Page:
Social Justice Isn’t What You Think It Is combines excellent scholarship with engaging prose and a genuine concern for human flourishing.
Still, I’m not convinced. The authors are right to reject "social justice" as the term is commonly used, but to my mind its proper meaning is sufficiently clear without the aid of the Catholic Church’s social teaching, and indeed without inventing a new virtue. Social justice refers to the degree to which a society or nation applies just laws fairly. Put aside the encyclicals and consider the Old Testament prophets. "Why do you make me see iniquity, and why do you idly look at wrong?" the prophet Habbakuk asks God. "Destruction and violence are before me; strife and contention arise. So the law is paralyzed, and justice never goes forth. For the wicked surround the righteous; so justice goes forth perverted." The prophet sees a city in which people are routinely swindled and in which official justice is fraudulent. The prophet is grieved, not merely by injustices perpetrated by individuals in specific situations, but by the state of injustice prevailing throughout his society.
If this more self-evident definition of social justice obtains, American society is, for all its flaws, essentially a just society. Its laws are mostly humane, and the enforcement of those laws is usually not arbitrary. And that, of course, is why social justice campaigners would never accept it: the progressive mindset is premised on the belief that American society is essentially unjust. (Somehow the term "social justice" is rarely if ever applied to non-western nations—North Korea, say, or Saudi Arabia or Zimbabwe or Afghanistan.) But none of this is a reason to redefine the term in so lengthy and complex a fashion as Adams and Novak have done. You shouldn’t have to read Tocqueville and papal encyclicals to understand what social justice is.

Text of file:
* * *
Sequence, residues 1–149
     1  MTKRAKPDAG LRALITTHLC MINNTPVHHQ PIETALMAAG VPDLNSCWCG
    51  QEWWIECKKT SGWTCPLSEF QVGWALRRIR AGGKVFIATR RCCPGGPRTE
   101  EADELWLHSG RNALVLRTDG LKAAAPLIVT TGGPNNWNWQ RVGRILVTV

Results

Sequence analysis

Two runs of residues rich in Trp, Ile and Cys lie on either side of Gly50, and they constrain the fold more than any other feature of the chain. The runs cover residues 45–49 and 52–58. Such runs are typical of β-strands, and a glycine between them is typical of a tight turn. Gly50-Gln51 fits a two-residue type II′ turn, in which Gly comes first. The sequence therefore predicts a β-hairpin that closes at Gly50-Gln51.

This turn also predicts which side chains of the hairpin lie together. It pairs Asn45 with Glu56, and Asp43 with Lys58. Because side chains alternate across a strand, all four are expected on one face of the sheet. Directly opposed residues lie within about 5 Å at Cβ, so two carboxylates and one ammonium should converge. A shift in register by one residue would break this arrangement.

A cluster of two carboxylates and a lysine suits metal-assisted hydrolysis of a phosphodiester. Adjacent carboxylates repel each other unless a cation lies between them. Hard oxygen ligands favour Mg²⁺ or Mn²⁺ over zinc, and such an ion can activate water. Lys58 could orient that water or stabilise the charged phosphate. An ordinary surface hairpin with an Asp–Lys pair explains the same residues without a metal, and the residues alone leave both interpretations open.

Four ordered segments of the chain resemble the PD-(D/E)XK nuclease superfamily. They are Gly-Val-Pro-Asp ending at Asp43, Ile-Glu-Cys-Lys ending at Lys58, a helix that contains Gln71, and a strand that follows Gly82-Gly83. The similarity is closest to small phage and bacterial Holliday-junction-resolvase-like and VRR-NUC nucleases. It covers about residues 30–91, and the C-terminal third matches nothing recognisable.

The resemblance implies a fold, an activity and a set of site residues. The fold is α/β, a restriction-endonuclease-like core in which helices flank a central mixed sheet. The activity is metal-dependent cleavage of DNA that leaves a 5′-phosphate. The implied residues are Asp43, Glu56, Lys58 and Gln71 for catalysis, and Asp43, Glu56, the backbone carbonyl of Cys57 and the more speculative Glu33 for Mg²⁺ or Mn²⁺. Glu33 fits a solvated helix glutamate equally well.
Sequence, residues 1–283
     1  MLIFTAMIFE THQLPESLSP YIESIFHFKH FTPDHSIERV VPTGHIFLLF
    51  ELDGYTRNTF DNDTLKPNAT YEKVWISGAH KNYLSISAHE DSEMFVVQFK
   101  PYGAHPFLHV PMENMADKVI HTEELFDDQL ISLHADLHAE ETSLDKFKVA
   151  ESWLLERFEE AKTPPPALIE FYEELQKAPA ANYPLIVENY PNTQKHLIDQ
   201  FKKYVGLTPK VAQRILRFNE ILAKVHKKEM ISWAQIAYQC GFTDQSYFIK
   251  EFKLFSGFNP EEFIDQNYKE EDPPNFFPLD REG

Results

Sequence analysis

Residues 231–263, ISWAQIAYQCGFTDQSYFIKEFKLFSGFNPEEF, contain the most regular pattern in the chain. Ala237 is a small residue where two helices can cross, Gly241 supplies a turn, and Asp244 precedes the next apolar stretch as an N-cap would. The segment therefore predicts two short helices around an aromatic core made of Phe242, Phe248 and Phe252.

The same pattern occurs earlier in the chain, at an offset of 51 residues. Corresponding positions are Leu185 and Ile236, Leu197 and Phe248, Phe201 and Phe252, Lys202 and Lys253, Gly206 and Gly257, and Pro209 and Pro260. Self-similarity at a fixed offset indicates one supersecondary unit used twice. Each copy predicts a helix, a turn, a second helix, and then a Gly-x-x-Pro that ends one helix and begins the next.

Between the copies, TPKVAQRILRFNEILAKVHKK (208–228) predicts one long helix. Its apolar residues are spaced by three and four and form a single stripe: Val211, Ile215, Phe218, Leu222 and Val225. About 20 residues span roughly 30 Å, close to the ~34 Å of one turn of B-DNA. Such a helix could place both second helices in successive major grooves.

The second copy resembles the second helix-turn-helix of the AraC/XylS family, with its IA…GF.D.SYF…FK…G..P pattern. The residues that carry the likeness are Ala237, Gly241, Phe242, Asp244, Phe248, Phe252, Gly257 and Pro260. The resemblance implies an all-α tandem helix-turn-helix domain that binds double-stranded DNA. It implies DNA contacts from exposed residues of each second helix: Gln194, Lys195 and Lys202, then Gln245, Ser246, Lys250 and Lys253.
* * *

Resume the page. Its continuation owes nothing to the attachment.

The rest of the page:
I suspect Christians in all ages, Catholic and Protestant, have understood the nature of social justice well enough, not by reflecting on papal pronouncements but by considering the character of God and the biblical meaning of "justice" (that is, righteousness) itself. I think of question number 74 of the Westminster Shorter Catechism, a document published by Puritans in 1647. What, the catechism asks, is required by the eighth commandment, the commandment against stealing? What the commandment forbids is clear enough, but what does it require? "The eighth commandment requireth the lawful procuring and furthering the wealth and outward estate of ourselves and others." If I read Adams and Novak correctly, that’s social justice avant la lettre.